If you’re missing lots of putts on the golf course and you’ve been able to identify why those putts are missing and where they’re missing. If they’re always missing to the right-hand side, that’s what we describe as a pushed putt, pushing it to the right-hand side of target. So let’s have a look at how your stroke is causing that ball to miss on the right-hand side. A couple of issues to consider firstly. One would be making sure that you’re aiming in the right direction to start with, making sure that you’re not too far back from the ball, making sure that you’re not stretching for the ball in the setup position, also making sure that the golf isn’t positioned too far back in your stance. The ball position when you’re putting should be a good sort of 6-iron position nicely ahead of center. I think that would help you out when you’re putting if you think about have the ball positioned like a 6-iron.

The main cause of pushed putts is going to be club face is pointing for that direction as you impact the ball, not necessarily at setup, as you impact the ball. The club face would effectively be open to the target making the ball set off on that line. But that could be because your putting stroke is coming from the inside too much pushing to the outside, forcing the club face to stay open and pushing the ball to the right. Some people actually counter that by taking the club across the target line, effectively making a pull with their stroke. But then they don’t want the ball to go left so they open the face up quite severely, pointing it to the right of target and they still push the putt even though the club is actually on out-to-in swing path. So we want to really make sure that we’ve got everything lined up nicely and evenly to start with, with a correct distance away from the ball with the right ball position. Then the club should come back evenly and through evenly.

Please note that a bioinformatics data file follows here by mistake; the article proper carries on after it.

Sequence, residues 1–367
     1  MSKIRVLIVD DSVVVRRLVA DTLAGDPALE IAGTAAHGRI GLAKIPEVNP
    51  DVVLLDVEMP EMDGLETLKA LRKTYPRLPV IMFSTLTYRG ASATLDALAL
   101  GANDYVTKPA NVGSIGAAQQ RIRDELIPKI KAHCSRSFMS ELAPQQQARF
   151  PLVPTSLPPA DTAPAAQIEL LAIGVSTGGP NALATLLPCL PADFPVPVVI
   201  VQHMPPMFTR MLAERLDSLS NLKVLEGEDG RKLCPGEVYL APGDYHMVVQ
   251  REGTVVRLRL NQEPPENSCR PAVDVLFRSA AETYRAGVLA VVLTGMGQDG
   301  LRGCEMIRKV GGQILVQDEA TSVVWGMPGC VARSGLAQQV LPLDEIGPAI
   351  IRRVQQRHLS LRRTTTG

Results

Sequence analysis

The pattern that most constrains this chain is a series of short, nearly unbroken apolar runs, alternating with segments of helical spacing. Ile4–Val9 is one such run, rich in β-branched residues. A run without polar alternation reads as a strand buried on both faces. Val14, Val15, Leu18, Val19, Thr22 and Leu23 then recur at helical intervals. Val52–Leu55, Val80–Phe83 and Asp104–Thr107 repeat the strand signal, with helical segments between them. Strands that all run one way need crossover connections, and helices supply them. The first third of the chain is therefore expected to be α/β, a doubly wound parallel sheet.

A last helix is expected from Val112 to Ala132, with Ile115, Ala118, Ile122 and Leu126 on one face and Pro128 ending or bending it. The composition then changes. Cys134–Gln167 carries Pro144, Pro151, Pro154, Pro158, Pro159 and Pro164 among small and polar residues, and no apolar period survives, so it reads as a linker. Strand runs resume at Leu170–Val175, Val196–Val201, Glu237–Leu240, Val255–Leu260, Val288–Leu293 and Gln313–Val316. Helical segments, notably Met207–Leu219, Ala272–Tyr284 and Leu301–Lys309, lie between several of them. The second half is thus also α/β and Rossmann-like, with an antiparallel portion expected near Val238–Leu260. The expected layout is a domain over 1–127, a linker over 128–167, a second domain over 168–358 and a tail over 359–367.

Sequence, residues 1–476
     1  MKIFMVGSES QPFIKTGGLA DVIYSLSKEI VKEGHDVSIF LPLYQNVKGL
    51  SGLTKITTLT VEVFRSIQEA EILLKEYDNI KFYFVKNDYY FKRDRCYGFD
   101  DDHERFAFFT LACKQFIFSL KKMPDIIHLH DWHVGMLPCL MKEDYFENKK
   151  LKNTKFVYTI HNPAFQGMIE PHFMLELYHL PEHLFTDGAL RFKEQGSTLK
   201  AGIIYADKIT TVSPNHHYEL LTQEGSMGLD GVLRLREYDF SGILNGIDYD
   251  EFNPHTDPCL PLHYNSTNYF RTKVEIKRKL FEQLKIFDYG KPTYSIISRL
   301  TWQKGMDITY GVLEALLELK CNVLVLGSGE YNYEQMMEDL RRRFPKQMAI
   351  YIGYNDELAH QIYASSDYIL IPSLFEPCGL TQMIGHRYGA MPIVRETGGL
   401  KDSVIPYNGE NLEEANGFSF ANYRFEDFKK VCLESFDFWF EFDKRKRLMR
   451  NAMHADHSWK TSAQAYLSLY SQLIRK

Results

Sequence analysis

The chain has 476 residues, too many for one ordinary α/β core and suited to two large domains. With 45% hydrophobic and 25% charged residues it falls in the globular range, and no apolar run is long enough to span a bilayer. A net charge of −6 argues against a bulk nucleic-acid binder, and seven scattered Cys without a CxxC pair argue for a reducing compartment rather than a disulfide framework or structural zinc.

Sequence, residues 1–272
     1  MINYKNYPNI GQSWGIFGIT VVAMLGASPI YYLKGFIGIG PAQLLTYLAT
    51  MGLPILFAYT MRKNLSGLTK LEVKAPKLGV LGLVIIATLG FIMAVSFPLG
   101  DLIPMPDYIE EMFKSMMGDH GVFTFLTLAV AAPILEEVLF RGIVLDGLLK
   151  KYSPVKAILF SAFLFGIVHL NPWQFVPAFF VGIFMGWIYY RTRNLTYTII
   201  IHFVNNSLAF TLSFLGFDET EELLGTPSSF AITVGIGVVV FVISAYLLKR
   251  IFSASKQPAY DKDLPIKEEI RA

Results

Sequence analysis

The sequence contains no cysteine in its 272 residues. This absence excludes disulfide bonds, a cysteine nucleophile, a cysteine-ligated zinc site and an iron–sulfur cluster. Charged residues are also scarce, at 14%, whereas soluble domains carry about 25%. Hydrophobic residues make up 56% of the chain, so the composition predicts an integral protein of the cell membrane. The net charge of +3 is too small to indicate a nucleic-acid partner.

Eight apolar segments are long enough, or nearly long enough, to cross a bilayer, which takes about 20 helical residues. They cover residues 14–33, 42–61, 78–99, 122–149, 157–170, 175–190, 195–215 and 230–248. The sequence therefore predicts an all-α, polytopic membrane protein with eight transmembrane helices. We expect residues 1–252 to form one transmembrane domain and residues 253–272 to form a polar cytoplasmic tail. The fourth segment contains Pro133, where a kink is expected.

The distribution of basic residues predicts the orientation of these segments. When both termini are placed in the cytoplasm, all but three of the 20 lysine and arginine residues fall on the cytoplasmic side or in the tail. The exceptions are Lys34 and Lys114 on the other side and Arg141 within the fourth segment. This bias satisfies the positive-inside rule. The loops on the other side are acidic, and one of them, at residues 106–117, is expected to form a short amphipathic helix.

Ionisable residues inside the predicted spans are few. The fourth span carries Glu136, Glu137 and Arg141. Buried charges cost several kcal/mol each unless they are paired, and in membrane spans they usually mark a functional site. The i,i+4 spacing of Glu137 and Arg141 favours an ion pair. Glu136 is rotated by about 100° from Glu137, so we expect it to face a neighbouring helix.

And here’s a nice little exercise to see whether you’re struggling with this. We can set our ball up. About a foot in front set two more golf balls up. They’re going to be about four to six inches apart. The tighter those are, the better and this is a great way of identifying whether you’ve got a pushed putt. You would then place your target hole directly in line with the middle of that gateway and if you make a stroke where the ball sets off and goes to the right-hand side more towards the outside ball, then clearly that’s identifying that you have a push in your stroke. So practicing with a little gateway here would encourage you to help that stroke come back and through much more evenly. My club should go between the gateway. The face of my club should still be nice and square and that should encourage me to avoid an out-to-in an in-to-out or an uneven club face position. If I can execute that drill a few times in practice, that should improve my chances of not pushing the putt.